Megger | Working Principle Types History Uses of Megger 2023:

The device has been in use since 1889, increasing in popularity during the 1920s as the long back device is similar in its use and testing purpose, with some real improvements in design and quality of testers in recent years. . There are now high-quality options available that are easy to use and quite safe.


Insulation resistance IR quality of electrical systems degrades with time, environmental conditions, i.e. temperature, humidity, moisture and dust particles. It is also adversely affected by the presence of electrical and mechanical stress, so it has become very important to maintain the IR (insulation resistance) of the equipment to avoid any fatal or electric shock. Check periodically.

Uses of Megger:

This instrument enables us to measure the electrical leakage in the wire, the results are very reliable because we will be passing an electric current through the instrument while we are testing. This equipment is mainly used to verify the electrical insulation level of any device like motors, cables, generators, windings etc. This is a very popular test that has been done for a long time. It does not necessarily show us the exact area of electrical puncture but the leakage current and moisture level within the electrical equipment/winding/system.

Working Principle of Megger:

  • In the case of the hand-operated type, a battery is used for the electronic tester, the voltage produced by the hand-operated megger by rotation of the crank.
  • 500 volts DC is sufficient to test a range of equipment up to 440 volts.
  • 1000 V to 5000 V is used for testing high voltage electrical systems.
  • A deflecting coil or current coil is connected in series and allows the current taken by the circuit under test to flow.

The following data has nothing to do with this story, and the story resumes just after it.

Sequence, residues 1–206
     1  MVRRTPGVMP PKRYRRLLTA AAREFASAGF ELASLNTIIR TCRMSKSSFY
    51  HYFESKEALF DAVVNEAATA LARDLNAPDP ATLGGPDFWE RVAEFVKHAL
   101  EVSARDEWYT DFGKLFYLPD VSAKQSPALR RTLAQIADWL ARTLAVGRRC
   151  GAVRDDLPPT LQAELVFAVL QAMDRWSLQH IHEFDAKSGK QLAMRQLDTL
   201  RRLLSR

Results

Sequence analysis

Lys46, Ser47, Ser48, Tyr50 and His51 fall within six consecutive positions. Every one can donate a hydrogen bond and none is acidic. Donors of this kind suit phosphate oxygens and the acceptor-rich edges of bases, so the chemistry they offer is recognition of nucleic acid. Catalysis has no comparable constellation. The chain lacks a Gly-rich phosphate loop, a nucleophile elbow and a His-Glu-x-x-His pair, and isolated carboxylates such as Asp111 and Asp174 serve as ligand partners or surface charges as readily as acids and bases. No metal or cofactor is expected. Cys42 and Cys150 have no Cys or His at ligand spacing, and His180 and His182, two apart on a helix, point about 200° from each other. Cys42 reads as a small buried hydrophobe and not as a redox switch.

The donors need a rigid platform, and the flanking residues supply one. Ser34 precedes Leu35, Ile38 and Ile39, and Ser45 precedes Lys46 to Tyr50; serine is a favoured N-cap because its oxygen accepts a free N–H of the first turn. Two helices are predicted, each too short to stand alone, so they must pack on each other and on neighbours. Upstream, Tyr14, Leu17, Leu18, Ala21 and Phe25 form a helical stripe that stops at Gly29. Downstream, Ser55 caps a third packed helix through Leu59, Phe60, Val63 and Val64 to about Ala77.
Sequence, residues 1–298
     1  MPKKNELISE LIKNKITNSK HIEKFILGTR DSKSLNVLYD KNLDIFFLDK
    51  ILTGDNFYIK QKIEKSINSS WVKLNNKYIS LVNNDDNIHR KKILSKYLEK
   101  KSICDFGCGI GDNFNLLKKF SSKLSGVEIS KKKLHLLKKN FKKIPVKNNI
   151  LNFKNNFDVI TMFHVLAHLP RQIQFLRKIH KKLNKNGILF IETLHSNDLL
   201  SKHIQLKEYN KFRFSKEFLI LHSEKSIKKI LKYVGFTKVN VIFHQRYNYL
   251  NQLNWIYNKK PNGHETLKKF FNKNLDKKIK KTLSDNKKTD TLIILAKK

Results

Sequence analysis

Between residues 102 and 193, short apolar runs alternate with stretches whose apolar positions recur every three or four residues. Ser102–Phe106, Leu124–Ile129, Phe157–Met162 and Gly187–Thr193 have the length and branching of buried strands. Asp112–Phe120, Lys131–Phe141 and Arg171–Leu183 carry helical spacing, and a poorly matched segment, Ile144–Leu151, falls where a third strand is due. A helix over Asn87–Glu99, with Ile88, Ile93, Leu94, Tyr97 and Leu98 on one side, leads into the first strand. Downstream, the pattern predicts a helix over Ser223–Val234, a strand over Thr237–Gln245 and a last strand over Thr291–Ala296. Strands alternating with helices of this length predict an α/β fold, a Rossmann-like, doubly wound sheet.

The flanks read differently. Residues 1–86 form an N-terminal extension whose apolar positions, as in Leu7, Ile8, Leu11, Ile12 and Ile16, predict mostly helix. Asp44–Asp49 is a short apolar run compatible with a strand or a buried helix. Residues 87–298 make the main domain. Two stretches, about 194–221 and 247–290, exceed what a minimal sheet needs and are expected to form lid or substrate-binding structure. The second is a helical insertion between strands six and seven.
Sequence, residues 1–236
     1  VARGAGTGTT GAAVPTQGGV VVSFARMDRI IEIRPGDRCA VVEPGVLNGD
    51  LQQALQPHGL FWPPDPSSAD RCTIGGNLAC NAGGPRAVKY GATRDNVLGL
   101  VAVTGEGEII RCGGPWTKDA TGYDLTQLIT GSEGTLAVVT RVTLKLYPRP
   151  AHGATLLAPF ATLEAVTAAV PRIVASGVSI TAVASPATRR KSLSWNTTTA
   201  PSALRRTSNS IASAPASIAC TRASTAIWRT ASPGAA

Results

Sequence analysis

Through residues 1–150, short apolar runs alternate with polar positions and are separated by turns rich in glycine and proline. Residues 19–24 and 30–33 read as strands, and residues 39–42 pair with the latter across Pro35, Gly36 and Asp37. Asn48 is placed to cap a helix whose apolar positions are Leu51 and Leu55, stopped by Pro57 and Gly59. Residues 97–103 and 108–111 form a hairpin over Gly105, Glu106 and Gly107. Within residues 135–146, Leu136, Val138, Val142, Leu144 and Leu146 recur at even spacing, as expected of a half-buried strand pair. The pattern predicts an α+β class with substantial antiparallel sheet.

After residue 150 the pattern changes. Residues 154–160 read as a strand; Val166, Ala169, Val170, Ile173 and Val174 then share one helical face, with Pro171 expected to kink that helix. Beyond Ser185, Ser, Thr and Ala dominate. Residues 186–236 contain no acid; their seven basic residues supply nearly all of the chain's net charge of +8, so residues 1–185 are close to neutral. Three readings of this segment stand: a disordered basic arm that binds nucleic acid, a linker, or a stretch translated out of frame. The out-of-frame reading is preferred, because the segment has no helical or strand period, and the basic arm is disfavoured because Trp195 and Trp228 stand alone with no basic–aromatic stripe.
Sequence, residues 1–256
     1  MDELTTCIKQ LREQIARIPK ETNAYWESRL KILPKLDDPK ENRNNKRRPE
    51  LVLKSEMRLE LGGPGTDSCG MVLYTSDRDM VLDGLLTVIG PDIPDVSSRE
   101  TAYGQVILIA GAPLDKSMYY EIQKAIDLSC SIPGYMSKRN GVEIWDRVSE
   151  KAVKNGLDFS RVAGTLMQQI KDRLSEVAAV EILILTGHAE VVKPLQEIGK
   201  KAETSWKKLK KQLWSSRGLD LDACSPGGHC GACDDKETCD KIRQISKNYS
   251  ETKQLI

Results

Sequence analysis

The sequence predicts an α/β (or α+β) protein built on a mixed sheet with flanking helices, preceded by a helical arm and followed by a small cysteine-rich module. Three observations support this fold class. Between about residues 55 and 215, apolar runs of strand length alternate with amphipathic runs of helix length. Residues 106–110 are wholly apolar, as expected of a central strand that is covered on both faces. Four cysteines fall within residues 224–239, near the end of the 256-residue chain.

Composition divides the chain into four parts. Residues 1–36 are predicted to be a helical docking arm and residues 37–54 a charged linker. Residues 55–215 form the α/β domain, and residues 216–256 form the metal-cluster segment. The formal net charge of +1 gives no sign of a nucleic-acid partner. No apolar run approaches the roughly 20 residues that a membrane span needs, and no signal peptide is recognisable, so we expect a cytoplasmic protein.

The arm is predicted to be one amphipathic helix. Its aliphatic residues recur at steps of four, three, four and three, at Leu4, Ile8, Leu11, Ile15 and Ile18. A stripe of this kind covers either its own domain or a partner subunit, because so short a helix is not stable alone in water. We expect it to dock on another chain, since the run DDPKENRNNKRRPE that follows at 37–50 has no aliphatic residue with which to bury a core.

• A control coil also known as a pressure coil is connected throughout the circuit.
  • A current limiting resistor (CCR and PCR) is connected in series with the control and deflecting coil to prevent damage in case of very low resistance in the external circuit.
  • A hand-operated mager uses the electromagnetic induction effect to produce a test voltage i.e. the armature is arranged to move in a permanent magnetic field or vice versa.
  • Where an electronic type megger battery is used to generate the testing voltage.
  • As the voltage in the external circuit increases the deflection of the pointer increases and as the current increases the deflection of the pointer decreases.
  • Therefore, the resulting torque is directly proportional to the voltage and inversely proportional to the current.
  • When the electrical circuit under test is open, the torque due to the voltage coil will be maximum and the pointer will show ‘infinity’ meaning no short in the entire circuit and more within the circuit under test. has more resistance than
  • If there is a short circuit, the pointer shows ‘zero’, which means ‘NO’ resistance is being tested within the circuit.
  • Working philosophy based on ohm meter or ratio meter.
  • A deflection torque is developed with the Megger tester due to the magnetic field produced by the voltage and current, similar to ‘Ohm’s Law’.

Connection Diagram of Megger for Testing:

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